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I was not born an English major, but over the course of twenty or so years, I became one.  Going to college, I studied literature, read essays, wrote critical responses, short stories and analytical papers and all of it led me here.  To a desk beneath a window in building in a native village where I am currently working on a grant for funding from the EPA.  The Environmental Protection Agency.   No one here cares if I read Beowulf in six translations.

I look up water quality data, and I email environmental firms and I ask how much a baseline water quality laboratory analysis will cost.  And when I’m done, I work on the Integrated Solid Waste Management Plan for the village, compiling data (once I procure it) to assess how we should proceed in this village with our recycling program, or our landfill projects, or our protests against Pebble Mine.

In short, perhaps I should have followed Heather and Ethan and Liz and majored in Environmental Science at Willamette.  However, I did not.  And I am the better for it.
As it turns out, my English major has afforded me an incredible cornucopia of ideas and connections, and I can see now why those science nerds (you know you are, just put down your rock polisher and raise your hand) were so interesting to me.  They (you) offered me something that the comparative lit scholars could not:  you (they) offered me–and all of my POEM kin–a more concrete, critical view of the world, and not just an idealistic one based on story or myth or symbol.

As scientists, or environmentalists, or both, you saw the world differently from the way I did and I knew enough even at age 20 to pay attention to that, and to understand what you meant when you said literature could help you see the science more clearly.  Now I have its corollary in my view of Pedro Mountain: science can help me see the literature more clearly.  And not only from a reader’s point of view.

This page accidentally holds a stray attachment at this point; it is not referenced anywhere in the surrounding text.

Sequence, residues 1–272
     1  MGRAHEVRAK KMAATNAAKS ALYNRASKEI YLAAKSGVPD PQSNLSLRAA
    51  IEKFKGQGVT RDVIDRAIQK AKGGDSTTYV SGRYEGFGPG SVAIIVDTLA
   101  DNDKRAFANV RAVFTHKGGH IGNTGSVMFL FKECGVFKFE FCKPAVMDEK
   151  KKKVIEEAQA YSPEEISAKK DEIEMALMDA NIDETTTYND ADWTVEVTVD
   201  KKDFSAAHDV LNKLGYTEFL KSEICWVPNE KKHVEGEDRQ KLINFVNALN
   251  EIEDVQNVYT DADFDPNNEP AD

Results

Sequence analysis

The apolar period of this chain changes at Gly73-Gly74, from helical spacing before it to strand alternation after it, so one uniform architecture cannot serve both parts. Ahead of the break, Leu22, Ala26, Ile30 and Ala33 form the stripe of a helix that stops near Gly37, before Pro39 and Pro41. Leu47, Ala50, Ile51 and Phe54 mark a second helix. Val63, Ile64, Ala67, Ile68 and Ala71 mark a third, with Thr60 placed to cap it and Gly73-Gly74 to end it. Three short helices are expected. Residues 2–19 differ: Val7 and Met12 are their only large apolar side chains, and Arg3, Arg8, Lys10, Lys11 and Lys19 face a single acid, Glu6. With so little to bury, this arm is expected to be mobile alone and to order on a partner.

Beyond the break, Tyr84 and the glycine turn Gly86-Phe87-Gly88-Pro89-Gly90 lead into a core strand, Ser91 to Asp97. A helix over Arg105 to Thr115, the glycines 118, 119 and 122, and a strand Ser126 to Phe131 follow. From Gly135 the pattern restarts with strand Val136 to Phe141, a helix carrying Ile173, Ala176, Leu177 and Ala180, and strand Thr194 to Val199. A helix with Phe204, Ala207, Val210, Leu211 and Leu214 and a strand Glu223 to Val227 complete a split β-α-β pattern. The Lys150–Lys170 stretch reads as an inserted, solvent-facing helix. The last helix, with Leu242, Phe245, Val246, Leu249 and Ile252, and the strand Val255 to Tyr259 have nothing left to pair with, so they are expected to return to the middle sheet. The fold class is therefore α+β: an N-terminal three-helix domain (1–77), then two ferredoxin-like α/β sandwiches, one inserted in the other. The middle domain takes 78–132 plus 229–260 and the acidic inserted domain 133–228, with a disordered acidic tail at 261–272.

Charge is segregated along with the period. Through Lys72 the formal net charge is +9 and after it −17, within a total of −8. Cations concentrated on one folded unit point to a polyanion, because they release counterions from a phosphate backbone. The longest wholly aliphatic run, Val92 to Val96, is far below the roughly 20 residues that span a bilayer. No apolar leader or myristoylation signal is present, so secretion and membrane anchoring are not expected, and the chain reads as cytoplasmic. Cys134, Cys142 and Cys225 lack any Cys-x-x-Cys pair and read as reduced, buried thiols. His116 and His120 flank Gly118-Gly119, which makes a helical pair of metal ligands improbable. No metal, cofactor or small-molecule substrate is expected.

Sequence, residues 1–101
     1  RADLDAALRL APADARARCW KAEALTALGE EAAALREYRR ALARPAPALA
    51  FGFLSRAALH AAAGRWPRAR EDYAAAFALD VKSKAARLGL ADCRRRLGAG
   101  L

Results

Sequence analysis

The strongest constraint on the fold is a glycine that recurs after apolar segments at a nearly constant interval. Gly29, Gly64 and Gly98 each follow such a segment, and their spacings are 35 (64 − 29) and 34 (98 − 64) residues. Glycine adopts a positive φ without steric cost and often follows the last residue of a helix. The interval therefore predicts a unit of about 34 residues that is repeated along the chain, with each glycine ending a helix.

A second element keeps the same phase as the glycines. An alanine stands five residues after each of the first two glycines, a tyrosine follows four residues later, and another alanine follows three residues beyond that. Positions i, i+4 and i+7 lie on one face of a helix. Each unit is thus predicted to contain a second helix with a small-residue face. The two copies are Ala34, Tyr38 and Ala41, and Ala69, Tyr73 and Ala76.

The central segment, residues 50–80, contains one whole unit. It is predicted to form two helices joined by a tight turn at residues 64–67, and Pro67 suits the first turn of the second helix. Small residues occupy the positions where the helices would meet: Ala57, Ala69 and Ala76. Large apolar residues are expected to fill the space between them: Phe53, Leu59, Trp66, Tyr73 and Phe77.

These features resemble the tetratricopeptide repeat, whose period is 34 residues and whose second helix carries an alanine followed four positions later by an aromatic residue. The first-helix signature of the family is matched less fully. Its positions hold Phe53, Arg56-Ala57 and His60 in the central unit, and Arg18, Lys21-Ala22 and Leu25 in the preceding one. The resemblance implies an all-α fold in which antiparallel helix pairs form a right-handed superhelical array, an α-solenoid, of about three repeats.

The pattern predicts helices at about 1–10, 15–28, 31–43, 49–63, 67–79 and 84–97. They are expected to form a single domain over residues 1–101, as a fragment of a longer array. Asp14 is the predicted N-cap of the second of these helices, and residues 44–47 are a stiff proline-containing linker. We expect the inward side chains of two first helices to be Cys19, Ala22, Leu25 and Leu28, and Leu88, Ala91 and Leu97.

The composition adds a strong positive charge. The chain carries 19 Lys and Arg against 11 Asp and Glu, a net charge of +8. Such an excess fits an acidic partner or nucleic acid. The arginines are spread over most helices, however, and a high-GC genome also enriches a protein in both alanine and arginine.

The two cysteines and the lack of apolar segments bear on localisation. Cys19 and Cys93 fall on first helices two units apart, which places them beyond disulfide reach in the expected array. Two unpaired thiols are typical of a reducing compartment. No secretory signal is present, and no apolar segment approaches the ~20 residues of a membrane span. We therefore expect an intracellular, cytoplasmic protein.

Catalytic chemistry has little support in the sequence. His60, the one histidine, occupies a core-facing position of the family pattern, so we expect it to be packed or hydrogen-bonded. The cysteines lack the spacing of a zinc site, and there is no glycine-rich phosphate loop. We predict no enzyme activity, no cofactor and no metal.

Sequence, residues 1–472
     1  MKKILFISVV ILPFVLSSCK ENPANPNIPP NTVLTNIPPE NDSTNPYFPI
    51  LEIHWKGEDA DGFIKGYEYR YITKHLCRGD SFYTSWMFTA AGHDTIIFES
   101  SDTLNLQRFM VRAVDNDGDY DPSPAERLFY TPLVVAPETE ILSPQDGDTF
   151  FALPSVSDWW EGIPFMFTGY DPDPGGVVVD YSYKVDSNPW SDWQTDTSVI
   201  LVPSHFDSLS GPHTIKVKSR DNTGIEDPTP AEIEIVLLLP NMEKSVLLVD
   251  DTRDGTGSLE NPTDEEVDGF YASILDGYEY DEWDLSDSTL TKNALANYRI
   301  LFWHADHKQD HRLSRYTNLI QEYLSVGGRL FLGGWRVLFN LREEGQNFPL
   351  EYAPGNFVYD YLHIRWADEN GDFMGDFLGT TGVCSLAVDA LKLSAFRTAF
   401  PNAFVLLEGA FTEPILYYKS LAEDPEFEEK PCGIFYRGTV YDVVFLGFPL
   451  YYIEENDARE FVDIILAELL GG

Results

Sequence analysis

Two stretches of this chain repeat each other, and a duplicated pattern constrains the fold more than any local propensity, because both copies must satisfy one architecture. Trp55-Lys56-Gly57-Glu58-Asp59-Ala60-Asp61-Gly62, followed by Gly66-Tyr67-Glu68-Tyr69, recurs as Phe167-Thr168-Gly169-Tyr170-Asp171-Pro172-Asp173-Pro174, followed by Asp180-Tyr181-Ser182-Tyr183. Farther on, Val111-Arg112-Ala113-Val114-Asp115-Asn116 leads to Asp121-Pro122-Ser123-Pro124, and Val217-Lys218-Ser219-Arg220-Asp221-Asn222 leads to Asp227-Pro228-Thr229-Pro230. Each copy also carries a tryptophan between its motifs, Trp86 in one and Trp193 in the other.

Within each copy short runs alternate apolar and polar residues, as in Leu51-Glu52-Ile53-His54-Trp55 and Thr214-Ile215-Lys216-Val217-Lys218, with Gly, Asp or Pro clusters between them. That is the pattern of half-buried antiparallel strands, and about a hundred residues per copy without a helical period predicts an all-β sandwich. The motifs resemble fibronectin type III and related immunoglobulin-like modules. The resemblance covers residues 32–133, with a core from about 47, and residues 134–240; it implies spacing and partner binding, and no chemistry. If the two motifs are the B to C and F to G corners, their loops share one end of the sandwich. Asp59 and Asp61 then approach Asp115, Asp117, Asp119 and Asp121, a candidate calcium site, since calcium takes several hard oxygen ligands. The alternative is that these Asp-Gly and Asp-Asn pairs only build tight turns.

Here in Pedro Bay, when I write these grants or proposals, or draft an email to an engineer or an environmental scientist, I don’t constrain myself to the lofty language of academia; nor do I settle for the banal banter often appearing in many manuals or plans of this scientific nature.  I am able to see what I write more clearly, and to know what it is I am asking for, saying, or making sense of.   It is the marriage of these two hemispheres, the creative and the concrete, that makes us solid thinkers.  In an earlier post I discussed the practical-whimsical and, again, I find it is here.

I married a poet.  He is incredibly creative, holding an MFA and writing haiku as often as possible.  But at one time he had hoped to major in geology, a decidedly more scientific field than verse.   This early penchant shows in his ability to manage this little village’s governmental–and other–business.  He was not born a poet, perchance, but over the course of several decades he achieved it, with no little help from the questions he posed in geology.

When I was in college and reading my Autobiography of Alice B. Toklas I remember noting that Stein had been pre-med, or maybe full med, on her way to becoming a doctor before taking a major u-turn to become Gertrude Stein.

The cost of a degree may be great, but it’s worth it.  Whatever the major, the learning is the key, and the interest in furthering the knowledge, putting it to use, and making sense of the details all add up to this: Love what you do.  The rest will follow.